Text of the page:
Innovate Pharmaceuticals has started their Phase 3 trial for Larazotide Acetate or INN-202. This is exciting stuff!!
In looking at the clinical trials web site, the trial is available in Topeka, KS, Chesterfield, MI, Concord, NC, and Oklahoma City, OK.
The trial seems to run for 12 weeks with three testing arms – placebo, 0.5mg, and 0.25mg of the drug. The primary endpoint is reduction in CEDPro survey – which is a known survey of celiac related symptoms rated on a scale of 1 to 10. They ask about loose stool, fatigue, headache, etc. They don’t talk about any other end points, gluten challenges, etc.
I have e-mailed and called to try to get more information about this study. I’m still working on it but I wanted to get some of this information out there, so we can get this trial going!!!
Let’s look at bit at the Phase 2b results.
It seems there was a four week placebo run-in to the study. That means people were given placebo for a baseline to establish their symptom pattern. They say, ” placebo run-in demonstrated substantial day to day variability in symptoms.” They further say, that, “GI symptoms were reported by more than 90% of patients, and over two-thirds of patients reported tiredness and headache.” So, everyone had GI symptoms and lots and lots had headaches. Larazotide acetate decreased these symptoms by 50% and decreased the anticipated number of days where the patient had abdominal distress by 30 days over 12 weeks. That’s a good decrease.
Because the symptoms varied each day, they can’t determine if this variability was determined by gluten exposure or IBS symptoms or something else. Which is fine, we sometimes feel the same way – eating gluten free sometimes we don’t know what or if anything got us.
Here’s where it gets a little shaky and they recognize the potential limitations of their study. They did not do a gluten challenge in their 2b study, but are comparing these results to previous gluten challenge studies. In doing their gluten challenges, they are basing the results on patient reported symptoms. In one study, 0.25mg and 4mg helped with gluten challenge symptoms while 0.5mg, and 1mg, 4mg, and 8mg did not. In another study, only 1mg helped with gluten challenge symptoms rather than the higher 4mg and 8mg. But it seems they know about this “inverse reaction” and it is common when things are not absorbed well. Inverse reaction is when you take a larger dose of medicine you would expect a bigger result, not smaller. I would have liked to see a single does do better – like the 1mg dose do better in the first study and the second study, but that doesn’t seem to be how this worked.
In the 2b study, the Larazotide Acetate did not increase or decrease the TTG IGA markers in the study participants. However, because there was no gluten challenge there is no way to tell if their drug is protective against damage to the small intestine. Specifically they say, ” efficacy during gluten challenge is suggestive of a mechanism of action relevant to celiac disease, the specificity of larazotide acetate for celiac disease and its utility in other conditions remains to be determined.” Because they are saying that larazotide acetate is a “tight junction” regulator it might be solving symptoms of IBS rather than truly protecting against damage to the small intestine from gluten ingestion.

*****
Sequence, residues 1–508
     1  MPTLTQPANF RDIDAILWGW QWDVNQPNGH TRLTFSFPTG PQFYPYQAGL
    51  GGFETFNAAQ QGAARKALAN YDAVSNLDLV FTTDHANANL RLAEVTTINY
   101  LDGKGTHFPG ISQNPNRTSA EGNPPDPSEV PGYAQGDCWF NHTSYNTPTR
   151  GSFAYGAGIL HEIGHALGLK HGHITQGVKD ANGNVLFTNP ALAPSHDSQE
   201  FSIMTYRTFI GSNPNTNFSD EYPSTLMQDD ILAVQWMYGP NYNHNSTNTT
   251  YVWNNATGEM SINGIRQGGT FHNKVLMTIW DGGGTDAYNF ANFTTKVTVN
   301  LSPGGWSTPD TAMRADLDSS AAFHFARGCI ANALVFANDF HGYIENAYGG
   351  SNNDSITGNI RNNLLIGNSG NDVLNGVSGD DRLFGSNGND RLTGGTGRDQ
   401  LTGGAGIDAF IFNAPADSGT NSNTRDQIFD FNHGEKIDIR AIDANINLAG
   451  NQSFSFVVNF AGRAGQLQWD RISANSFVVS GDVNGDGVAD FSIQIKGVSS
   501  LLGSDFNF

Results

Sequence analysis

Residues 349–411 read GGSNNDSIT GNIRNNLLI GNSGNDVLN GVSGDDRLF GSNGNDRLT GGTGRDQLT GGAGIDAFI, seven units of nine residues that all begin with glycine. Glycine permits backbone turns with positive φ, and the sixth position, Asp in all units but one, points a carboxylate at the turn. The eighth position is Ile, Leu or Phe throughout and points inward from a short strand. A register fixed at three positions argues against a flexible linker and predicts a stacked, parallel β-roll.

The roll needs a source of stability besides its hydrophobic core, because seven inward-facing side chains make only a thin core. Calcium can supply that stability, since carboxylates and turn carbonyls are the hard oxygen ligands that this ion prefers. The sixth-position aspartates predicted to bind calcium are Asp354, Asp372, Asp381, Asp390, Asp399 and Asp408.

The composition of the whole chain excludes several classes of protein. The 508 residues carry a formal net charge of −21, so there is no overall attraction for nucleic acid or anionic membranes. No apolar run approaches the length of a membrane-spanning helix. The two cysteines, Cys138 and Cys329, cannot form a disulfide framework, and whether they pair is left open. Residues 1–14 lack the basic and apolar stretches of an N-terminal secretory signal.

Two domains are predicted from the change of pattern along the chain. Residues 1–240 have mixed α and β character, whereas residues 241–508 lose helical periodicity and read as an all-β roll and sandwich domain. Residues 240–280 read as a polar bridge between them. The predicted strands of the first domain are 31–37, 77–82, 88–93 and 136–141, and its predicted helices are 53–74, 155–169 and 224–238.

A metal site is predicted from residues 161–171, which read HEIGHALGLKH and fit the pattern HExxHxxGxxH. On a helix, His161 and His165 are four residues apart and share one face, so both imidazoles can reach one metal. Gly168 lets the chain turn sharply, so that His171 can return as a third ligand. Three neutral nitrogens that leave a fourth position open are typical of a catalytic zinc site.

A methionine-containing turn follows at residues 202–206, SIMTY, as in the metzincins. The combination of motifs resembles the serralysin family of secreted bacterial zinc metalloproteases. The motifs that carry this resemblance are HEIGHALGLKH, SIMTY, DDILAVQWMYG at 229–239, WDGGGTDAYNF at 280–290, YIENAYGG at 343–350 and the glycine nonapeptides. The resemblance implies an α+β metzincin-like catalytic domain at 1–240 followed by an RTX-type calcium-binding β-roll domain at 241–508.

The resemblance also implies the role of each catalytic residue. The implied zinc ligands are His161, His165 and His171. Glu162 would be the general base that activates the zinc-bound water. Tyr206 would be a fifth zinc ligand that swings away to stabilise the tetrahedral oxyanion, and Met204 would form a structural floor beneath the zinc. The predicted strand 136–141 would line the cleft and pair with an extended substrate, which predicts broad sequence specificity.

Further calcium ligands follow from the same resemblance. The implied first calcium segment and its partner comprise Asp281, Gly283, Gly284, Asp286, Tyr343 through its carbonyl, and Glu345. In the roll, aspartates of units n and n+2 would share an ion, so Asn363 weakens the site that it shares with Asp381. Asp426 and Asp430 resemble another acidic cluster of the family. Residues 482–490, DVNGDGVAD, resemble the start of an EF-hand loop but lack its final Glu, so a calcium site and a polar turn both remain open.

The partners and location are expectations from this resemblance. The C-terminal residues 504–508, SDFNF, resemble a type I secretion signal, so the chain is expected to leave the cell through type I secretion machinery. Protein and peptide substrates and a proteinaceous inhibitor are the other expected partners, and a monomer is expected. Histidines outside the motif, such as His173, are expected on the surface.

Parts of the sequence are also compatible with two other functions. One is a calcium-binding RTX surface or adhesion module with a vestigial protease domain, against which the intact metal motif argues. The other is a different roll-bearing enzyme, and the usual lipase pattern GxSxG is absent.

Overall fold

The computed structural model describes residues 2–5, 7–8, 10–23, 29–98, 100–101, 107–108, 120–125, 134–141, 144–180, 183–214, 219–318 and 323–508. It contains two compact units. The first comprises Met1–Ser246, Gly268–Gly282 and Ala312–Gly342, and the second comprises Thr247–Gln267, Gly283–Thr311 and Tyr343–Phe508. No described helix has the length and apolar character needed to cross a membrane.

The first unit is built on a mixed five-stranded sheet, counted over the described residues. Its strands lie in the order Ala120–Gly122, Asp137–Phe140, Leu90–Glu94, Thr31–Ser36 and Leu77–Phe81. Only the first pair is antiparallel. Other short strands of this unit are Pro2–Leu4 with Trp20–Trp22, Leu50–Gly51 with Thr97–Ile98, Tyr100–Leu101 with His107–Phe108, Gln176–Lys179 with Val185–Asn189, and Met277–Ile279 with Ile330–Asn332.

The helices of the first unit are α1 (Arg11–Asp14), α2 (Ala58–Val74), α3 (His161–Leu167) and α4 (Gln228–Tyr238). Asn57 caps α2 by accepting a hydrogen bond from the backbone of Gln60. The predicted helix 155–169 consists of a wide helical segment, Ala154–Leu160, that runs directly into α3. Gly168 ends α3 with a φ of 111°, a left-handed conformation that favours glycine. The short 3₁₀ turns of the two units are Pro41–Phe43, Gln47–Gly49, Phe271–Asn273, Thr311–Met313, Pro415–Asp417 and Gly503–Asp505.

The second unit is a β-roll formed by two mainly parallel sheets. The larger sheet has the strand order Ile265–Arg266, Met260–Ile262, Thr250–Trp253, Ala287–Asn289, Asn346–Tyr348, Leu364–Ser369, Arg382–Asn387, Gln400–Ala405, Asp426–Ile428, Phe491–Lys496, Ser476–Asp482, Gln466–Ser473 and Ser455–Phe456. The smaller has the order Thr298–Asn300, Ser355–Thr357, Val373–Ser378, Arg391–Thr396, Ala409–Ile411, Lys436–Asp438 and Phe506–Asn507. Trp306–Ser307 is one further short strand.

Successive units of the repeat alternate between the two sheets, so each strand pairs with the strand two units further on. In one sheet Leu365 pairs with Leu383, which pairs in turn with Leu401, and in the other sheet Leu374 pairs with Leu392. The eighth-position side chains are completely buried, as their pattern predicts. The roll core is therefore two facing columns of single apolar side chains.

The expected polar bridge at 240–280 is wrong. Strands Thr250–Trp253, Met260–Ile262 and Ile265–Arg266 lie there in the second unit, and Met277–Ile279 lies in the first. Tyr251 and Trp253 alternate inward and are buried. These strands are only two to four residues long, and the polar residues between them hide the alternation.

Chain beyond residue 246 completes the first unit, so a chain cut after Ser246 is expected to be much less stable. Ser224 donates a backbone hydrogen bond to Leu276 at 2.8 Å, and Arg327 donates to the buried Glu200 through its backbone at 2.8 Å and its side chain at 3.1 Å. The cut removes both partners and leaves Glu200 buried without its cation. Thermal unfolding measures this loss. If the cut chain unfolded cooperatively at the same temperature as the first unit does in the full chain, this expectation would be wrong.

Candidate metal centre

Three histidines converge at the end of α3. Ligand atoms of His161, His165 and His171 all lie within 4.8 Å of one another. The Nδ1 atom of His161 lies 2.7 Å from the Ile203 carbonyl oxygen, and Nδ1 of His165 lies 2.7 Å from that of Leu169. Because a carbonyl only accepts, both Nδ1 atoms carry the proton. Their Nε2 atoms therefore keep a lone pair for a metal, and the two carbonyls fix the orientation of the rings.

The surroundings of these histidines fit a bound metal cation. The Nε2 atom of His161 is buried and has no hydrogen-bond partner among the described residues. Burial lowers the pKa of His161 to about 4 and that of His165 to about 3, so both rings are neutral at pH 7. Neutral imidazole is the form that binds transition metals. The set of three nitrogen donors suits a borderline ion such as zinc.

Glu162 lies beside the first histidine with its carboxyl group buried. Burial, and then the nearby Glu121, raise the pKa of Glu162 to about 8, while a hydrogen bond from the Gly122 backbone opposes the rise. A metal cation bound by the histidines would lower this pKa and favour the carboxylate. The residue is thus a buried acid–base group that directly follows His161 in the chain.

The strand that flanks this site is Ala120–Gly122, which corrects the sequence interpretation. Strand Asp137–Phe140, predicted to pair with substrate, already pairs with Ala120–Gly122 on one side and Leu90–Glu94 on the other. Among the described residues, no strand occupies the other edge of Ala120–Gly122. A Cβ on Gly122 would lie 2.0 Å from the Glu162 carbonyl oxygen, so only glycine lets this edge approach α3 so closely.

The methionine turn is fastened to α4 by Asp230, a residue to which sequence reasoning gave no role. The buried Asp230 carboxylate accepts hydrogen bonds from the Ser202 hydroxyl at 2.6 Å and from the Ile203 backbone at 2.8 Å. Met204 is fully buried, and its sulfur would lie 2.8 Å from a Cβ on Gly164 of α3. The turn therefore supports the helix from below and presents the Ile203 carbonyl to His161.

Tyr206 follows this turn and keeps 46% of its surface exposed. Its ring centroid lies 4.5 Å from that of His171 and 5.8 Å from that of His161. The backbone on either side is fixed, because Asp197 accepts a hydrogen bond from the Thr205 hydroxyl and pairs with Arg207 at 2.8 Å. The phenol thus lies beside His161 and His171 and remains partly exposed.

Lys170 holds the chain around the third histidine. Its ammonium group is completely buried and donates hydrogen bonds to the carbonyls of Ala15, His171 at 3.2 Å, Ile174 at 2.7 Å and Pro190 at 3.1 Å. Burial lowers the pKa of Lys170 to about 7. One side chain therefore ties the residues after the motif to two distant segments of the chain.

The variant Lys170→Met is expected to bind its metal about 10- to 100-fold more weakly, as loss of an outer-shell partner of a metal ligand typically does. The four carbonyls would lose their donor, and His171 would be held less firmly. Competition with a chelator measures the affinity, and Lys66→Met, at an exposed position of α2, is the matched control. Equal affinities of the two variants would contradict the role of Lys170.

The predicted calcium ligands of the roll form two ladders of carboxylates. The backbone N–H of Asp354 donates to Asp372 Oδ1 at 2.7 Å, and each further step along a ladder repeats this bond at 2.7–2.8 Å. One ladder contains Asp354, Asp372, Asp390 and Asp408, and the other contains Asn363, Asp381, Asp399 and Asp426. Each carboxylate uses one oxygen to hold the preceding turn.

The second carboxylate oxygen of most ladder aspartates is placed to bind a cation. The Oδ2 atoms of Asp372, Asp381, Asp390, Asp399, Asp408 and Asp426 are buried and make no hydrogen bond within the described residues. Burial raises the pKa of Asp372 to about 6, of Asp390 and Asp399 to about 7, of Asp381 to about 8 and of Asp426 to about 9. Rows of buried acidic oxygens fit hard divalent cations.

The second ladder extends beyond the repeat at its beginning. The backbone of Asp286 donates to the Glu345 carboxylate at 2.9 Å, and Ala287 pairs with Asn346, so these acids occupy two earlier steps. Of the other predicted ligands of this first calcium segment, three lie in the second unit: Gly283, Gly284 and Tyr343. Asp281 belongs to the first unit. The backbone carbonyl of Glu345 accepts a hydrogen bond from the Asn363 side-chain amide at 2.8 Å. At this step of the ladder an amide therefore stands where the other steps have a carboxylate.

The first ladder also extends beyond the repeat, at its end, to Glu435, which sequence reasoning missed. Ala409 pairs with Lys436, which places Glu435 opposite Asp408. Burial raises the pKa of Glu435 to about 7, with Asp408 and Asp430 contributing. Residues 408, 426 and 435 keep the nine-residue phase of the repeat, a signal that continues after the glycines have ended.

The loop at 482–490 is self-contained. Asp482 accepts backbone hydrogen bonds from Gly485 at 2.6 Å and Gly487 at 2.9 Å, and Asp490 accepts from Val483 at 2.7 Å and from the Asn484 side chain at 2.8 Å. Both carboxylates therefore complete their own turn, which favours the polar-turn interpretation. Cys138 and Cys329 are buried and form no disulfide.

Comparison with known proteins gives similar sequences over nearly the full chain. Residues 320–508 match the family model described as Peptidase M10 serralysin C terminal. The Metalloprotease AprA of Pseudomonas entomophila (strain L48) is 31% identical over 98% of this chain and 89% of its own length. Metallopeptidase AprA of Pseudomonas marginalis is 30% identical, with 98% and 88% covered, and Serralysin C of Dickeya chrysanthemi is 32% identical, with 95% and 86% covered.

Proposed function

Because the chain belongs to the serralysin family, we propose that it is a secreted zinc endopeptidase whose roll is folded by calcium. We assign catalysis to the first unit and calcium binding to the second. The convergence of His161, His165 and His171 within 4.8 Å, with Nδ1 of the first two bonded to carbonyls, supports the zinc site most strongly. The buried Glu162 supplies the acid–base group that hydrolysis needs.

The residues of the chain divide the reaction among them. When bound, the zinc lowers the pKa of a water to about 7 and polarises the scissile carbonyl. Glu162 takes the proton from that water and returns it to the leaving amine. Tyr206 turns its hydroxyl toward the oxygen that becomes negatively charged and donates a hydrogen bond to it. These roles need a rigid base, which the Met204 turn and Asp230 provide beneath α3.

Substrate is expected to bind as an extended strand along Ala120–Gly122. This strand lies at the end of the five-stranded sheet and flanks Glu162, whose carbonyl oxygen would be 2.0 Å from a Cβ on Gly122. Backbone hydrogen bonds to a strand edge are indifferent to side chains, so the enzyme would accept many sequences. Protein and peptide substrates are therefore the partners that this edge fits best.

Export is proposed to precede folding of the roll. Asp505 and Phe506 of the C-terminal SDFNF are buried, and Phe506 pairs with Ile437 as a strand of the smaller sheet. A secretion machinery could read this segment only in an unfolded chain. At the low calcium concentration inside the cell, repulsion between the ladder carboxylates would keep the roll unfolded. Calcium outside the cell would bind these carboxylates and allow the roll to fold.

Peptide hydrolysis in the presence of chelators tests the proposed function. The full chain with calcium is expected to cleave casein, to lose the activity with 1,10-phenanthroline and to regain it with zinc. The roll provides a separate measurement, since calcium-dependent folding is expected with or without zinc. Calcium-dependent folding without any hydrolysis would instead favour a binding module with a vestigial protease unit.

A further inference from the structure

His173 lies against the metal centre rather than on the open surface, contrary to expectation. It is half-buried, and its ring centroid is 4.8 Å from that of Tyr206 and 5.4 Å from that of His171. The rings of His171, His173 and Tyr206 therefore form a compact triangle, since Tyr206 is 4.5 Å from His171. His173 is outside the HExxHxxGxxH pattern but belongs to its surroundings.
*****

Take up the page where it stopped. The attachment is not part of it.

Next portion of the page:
As I’m reading the study, I found the most telling sentence in the conclusions section of the paper. The sentence says that larazotide acetate may ” represent an important therapeutic option for CeD patients with persistent symptoms although the overall efficacy and risk/benefit ratio of this therapy remain to be fully assessed.” So, the drug may help with symptoms but they are not sure if it actually protects the small intestine from damage with gluten ingestion.
This really begs the question – is a drug that would be taken every day that is not proven to protect the intestines against damage from gluten good enough for Celiac sufferers? In my mind, this needs to be proven a bit more for me to trust it. But that doesn’t mean that it won’t be useful. I just think there needs to be more to this one before I’m willing to seriously think of it as a cure or even something that I’d be interested in looking at.
I want a cure. A cure to me means that I can return to an unrestricted diet. Short of a cure, I want something that protects against cross contamination. Protects against cross contamination means that I still maintain a gluten free diet, but if I go to a friend’s house for dinner I don’t have to worry about whether or not they washed their hands after touching the bread before making my hamburger. Now, this is really the rub – how much is too much cross contamination? Is a crouton okay but a full piece of bread not? I guess that would be different for everyone and that is tricky. Where is the line? Anyway, that debate is for a different post.
Short of cross contamination protection, what would be the point? Symptom protection? My symptoms aren’t that severe, so I’m probably not on board with something just alleviating symptoms. That doesn’t mean this doesn’t have a place. I know that many, many people have severe symptoms from just being in the same room as gluten. This might be a great solution for them. But for me at this point, I want to see more data before I’m convinced.
PS – I have called and emailed about getting into this trial. After a week, I have not received an email response or a return phone call. So, I hope they are truly up and running.
Anyway this has been a long post. I hope it all makes sense. Let me know what you all think.